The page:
As such, the Namazu-e prints mentioned above first functioned as protection amulets but later gained a more political and social purpose.
Since some of the prints were quite humorous and satirical in nature, Namazu-e prints became ways to communicate ideas about social reform, divine punishment, and redistribution of wealth.
Namazu thus came to represent, at least for the poor (of whom there were many), the yo-naoshi, the renewal of the world, when everything turns topsy-turvy and the poor shall inherit the gold of the rich.
The association of Namazu with wealth and the seas caused it to be associated with Ebisu, a Japanese god depicted as a fisherman who was said to bring luck, wealth, prosperity, and abundance in harves.
Finally, Namazu can give, or at least lend, riches without causing destruction, as long as one knows how to solicit him and if one behaves properly.
For example, in many places in Japan, there are kuramaya (cave storehouses) where one can borrow lacquer bowls or other utensils for use, provided they are returned.
These are the property of a local deity, often identified with Namazu. But woe if the utensils are not returned: The loan process as well as the good that the utensils bring terminates immediately.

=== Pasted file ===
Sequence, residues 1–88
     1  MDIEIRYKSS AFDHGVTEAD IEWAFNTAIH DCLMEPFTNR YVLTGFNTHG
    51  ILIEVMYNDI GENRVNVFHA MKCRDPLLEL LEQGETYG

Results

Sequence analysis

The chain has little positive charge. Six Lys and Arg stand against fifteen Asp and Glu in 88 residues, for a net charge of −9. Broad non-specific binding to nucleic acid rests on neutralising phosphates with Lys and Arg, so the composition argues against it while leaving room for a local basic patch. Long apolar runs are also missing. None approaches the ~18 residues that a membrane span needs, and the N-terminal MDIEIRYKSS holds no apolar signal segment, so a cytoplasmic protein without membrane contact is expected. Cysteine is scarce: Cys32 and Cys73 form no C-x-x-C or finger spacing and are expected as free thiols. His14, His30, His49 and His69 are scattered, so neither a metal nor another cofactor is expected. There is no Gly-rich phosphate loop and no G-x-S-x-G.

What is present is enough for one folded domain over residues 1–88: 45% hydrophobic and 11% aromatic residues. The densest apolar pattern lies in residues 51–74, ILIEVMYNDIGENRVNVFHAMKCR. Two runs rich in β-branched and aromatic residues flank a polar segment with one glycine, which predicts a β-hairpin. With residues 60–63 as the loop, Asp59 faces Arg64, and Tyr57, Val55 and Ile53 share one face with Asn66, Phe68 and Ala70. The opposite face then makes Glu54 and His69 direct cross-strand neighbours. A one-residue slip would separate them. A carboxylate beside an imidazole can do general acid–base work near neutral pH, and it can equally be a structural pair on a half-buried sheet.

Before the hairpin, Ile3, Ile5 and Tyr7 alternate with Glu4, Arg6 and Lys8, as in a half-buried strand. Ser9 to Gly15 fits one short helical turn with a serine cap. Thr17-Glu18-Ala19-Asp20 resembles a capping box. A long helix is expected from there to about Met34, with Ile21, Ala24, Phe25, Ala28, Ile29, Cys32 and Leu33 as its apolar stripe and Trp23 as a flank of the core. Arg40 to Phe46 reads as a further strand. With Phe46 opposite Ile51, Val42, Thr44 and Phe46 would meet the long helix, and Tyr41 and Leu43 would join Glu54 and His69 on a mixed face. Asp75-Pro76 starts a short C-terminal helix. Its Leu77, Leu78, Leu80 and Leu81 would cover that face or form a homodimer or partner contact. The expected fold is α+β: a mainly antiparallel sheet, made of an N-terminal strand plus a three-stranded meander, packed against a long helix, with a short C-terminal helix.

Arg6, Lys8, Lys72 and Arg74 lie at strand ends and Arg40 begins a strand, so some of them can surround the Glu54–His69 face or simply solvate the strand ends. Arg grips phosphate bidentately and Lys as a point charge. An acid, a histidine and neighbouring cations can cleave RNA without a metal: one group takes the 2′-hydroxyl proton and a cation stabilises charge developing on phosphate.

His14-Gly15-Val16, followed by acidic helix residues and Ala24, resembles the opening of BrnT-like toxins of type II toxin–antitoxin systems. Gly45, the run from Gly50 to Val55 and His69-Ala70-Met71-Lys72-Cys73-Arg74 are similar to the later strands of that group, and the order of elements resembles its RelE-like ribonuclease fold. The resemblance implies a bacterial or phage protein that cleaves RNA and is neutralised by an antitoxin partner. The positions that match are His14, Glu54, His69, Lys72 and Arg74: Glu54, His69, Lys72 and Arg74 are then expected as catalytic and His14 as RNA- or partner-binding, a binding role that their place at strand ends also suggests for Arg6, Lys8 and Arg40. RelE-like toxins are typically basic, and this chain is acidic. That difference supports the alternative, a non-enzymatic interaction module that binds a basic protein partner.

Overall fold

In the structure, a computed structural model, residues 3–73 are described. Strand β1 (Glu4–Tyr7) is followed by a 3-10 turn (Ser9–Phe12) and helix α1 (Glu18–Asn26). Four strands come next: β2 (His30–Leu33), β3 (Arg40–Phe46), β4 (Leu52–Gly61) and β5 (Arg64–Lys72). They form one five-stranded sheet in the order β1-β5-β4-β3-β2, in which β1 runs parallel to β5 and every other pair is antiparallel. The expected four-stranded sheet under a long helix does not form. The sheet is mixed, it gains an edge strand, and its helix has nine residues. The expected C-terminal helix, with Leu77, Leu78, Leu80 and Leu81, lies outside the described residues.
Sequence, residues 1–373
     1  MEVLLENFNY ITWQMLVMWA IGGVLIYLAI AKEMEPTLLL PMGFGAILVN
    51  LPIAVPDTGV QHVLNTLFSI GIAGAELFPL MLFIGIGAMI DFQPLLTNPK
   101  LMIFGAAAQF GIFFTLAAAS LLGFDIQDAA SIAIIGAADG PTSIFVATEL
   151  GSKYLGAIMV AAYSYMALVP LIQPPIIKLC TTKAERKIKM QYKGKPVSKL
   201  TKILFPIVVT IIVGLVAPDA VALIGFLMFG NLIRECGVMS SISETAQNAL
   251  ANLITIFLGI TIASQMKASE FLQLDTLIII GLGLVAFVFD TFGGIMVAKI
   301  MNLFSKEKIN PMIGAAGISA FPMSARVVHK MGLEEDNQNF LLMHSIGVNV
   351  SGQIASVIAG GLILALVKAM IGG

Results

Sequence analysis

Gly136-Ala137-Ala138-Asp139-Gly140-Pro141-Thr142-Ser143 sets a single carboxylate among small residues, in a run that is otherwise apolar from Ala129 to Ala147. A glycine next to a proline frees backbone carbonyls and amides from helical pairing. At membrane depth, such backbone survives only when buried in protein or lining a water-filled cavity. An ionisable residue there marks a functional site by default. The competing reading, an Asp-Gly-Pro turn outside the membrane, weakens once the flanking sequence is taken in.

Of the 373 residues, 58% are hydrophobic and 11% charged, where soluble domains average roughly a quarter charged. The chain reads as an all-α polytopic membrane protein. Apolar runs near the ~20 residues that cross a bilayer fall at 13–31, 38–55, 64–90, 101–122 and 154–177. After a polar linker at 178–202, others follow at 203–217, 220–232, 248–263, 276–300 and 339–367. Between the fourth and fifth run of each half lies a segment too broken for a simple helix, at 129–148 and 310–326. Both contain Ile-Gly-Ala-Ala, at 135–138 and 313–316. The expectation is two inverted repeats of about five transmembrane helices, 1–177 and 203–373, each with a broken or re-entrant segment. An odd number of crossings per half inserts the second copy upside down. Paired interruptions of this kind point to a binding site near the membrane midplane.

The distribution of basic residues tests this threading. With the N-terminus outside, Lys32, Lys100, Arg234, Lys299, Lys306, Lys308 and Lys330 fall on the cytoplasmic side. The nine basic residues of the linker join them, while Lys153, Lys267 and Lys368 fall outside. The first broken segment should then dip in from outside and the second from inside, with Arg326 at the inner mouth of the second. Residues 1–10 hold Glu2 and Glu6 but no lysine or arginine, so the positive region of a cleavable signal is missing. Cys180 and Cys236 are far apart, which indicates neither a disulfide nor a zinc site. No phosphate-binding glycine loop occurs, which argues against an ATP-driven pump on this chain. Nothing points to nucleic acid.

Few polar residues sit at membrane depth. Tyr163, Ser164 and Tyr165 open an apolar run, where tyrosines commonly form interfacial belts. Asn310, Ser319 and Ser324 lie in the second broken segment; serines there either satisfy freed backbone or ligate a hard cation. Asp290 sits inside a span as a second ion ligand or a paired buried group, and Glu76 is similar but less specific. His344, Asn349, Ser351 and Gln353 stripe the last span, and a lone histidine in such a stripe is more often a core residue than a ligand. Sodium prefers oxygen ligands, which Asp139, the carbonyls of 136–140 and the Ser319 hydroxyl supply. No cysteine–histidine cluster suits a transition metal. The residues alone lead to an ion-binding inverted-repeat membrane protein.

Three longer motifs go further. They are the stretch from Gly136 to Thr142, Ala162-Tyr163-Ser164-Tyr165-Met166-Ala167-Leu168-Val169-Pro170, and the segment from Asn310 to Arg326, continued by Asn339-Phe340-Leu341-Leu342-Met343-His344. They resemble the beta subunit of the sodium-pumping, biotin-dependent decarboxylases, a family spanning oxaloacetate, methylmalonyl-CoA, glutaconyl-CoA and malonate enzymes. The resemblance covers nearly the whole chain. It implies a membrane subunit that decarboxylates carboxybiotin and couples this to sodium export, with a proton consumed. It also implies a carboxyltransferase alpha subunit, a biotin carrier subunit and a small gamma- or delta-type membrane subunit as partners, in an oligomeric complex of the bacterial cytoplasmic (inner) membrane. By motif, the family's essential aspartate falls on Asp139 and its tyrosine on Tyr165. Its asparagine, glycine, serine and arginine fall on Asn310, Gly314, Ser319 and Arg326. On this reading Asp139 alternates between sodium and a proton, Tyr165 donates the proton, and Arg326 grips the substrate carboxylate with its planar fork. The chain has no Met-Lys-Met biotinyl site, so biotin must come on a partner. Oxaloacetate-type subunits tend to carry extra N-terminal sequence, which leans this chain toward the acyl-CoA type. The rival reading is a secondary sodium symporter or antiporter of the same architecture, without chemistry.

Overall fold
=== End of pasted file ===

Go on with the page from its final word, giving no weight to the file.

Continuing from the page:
Cultural impact of Namazu
Science-based explanations of earthquakes gradually replaced the belief in Namazu, but despite this, the catfish monster still has a lasting impact on Japanese culture.
Since Namazu only causes earthquakes when Takemikazuchi leaves his post, Namazu’s behavior can also be interpreted as a reminder of the consequences of complacency and the need for vigilance.
Namazu has become a cultural icon in Japan, appearing in various forms of media and popular culture. For instance, Namazu is sometimes used in earthquake education programs to help explain the causes and necessary responses to earthquakes to children.
The catfish motif is also found in art, literature, and mascots related to disaster prevention and awareness.
In contemporary interpretations, Namazu has sometimes been seen as a symbol of environmental retribution. This reflects the view that natural disasters are a response to human disrespect or abuse of the environment.
There are local festivals and rituals in Japan that pay homage to Namazu, recognizing its power and appeasing its spirit to prevent earthquakes.
Finally, the Namazu has also been known to appear in earthquake dreams, where it functions as a symbol of change and transformation.
- 7 Obscure Facts about Namazu: The Japanese Earthquake God - November 4, 2023
- 5 Obscure Facts about Dervishes, Mystical Islamic Dancers - November 3, 2023
- 5 Obscure Facts about Marebito: Japanese Visitor Spirits - November 3, 2023